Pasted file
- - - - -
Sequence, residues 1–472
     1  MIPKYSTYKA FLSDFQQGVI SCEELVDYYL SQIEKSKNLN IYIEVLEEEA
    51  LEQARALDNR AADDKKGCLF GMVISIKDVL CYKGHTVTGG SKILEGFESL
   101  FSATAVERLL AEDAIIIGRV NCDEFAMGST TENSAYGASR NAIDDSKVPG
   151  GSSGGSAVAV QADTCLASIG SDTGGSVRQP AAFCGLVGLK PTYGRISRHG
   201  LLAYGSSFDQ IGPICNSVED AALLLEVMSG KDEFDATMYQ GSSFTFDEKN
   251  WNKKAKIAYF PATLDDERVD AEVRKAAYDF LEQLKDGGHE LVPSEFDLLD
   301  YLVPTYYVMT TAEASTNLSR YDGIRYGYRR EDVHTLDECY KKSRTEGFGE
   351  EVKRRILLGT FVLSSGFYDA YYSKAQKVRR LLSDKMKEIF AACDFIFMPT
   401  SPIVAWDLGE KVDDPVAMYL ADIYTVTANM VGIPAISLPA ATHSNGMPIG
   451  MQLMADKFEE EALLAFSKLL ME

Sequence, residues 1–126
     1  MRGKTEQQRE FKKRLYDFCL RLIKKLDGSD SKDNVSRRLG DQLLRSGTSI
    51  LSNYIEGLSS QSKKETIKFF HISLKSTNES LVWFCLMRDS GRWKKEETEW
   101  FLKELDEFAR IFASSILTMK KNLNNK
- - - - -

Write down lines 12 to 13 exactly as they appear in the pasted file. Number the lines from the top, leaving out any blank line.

Sequence, residues 1–126
     1  MRGKTEQQRE FKKRLYDFCL RLIKKLDGSD SKDNVSRRLG DQLLRSGTSI